Category Archives: Xs and Os

The Tao of Frank Beamer’s Special Teams

Coach Beamer interviewing with Erin Andrews. Photo by Erich Geist (


“I think the kicking game is one of the most important parts of football. I personally believe the kicking game is just as important as offense and defense. I have believed that since my college days.”

That’s a quintessential Frank Beamer quote showing just how important a place special teams hold in the coach’s heart.

Except it isn’t a Frank Beamer quote—the author is Jerry Claiborne, Beamer’s coach at Virginia Tech, a special teams guru in his own right, and a major influence on the winningest active BCS coach in the game.

I grew up in southwestern Virginia and played high school ball at a time when “Beamerball” was becoming a nationally used term. I remember coaches coming back from Hokie clinics with packaged punt rushes and techniques like practicing kick blocks with Nerf balls.

Beamer’s “secret,” though, was never about tactics or coaching techniques. VT’s tremendous special teams run of blocked kicks and returns for touchdowns was the result of Beamer’s managerial skills. He took Claiborne’s emphasis and magnified it to a degree probably not seen before in major football.

First, Beamer invested his coaching staff in the philosophy. If you watch a VT game on television, you’ll hear at some point that Beamer is the squad’s “Special Teams Coach,” and that he takes personal responsibility for the performance of his kick units. This isn’t the easiest responsibility in the world—just ask Georgia Tech’s Paul Johnson how his stint with special teams went.

What you don’t hear as much is that each of Beamer’s assistants is responsible for a particular aspect of the kicking game. Defensive Coordinator Bud Foster, for example, coaches the punt- and kick-blocking teams.

Even more important, though, is how he gets buy-in from the players. To give a frame of reference, most teams (at every level of play) don’t pay much attention to the kicking game, with the following habits being pretty common:

• Special teams practices are squeezed into short sessions at the end of practices, or held before or after the main practice block.
• If you have a role on a special teams unit, it likely means you don’t have what it takes to contribute to offense or defense (even at tiny high schools.)
• The kickers wander off into an empty field away from the rest of the team to kick and send text messages.
• Players run through the drills at half speed because they don’t want to be killed in the conditioning sessions that often follow.
• Film sessions ignore kicks that don’t result in points or turnovers.

Add these practices to the fact that special teams wreak havoc on the body and it’s easy to see why they don’t have much allure.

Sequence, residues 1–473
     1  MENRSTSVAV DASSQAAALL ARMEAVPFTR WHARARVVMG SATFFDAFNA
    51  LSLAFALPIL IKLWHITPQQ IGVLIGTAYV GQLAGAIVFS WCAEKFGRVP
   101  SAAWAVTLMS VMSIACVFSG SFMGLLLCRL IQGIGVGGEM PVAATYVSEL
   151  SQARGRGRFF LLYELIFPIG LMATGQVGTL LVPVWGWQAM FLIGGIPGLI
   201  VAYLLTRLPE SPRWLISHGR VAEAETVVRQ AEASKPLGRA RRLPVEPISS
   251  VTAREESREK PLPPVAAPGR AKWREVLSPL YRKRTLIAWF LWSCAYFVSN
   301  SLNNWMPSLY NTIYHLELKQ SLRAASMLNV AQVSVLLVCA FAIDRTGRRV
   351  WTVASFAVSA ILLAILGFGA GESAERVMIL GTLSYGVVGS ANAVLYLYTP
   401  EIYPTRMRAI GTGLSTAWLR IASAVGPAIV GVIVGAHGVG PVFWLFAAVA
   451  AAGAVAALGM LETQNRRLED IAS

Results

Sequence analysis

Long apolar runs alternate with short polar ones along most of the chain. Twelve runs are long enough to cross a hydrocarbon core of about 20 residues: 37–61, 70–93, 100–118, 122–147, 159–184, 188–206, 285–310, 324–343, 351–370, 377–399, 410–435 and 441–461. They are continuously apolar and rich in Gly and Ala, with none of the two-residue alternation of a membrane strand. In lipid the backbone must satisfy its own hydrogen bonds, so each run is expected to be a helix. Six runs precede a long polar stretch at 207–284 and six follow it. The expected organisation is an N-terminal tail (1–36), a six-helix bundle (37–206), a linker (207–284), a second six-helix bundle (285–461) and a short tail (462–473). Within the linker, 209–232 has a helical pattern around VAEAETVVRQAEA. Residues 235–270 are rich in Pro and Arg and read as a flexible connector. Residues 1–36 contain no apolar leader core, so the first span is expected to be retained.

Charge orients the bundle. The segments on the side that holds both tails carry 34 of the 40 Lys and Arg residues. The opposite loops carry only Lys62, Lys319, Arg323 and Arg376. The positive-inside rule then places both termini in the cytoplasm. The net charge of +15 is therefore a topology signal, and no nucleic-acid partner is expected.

Beamer flipped this trend on its head and put Claiborne’s mantra to work. He schedules special teams work for the middle of the practice day. He often puts his best players on special teams—it’s still a common to see Tech’s best DB, receiver, or tailback returning kicks. Beamer promotes these duties as a way to playing in the NFL, where low-ranked and undrafted rookies often have to play their way from the kicking game to having a shot on offense or defense.

The placekickers also have the importance of their work elevated by a “one-kick” drill. For this drill, held often during the week, the kickers are given a single shot at making a field goal from a given spot on the field. No do-overs or excuses. The entire team stops to watch the kick, which ratchets up the tension and simulates a game day experience.

Beamer also gives out benefits and attention normally lavished on important starters. Units that spend their time running up and down the field are excused from a number of sprints and conditioning drills. After games, Beamer names both a special teams player-of-the-week as well as a “Kahuna” moniker for the special teamer with the biggest hit. During the week, all the units meet regularly and get timely feedback on their practices.

Finally, Beamer sets the same kind of clear and measurable special teams goals that offenses and defenses have been assigned since the game began. For 2011 some of those goals were:

• Average 10 yards per punt return
• Return kickoffs to at least the 28 yard line 60 percent of the time
• Block a punt, field goal or extra point, or force a bad kick at least once a game
• Gain 20 yards of comparative field position in the punting game each game

Goals like these have been met with success. Since Beamer started at Tech in 1987, his special teams have tallied 19 punt returns for TDs, 17 blocked punts for the same, nine kickoff returns for scores, four TDs from blocked kicks, and even returned a fumble for a score. Altogether, that’s 50 special teams touchdowns.

It’s true that other teams have learned from Beamer’s example, and the Hokies no longer hold the undeniable edge they once did. Opponents put better players on the field, and the shield punt has taken away VT’s aggressiveness much the same way the spread and option games have dialed back the ferocity of their defense. Looking at intangible items, it seems the Hokies now endure a counteraction to everything good they do in the special teams game. A strong return team will be balanced by weaker kickers. Odd breaks (such as Michigan’s fake field goal in the Sugar Bowl) feel tilted against the squad.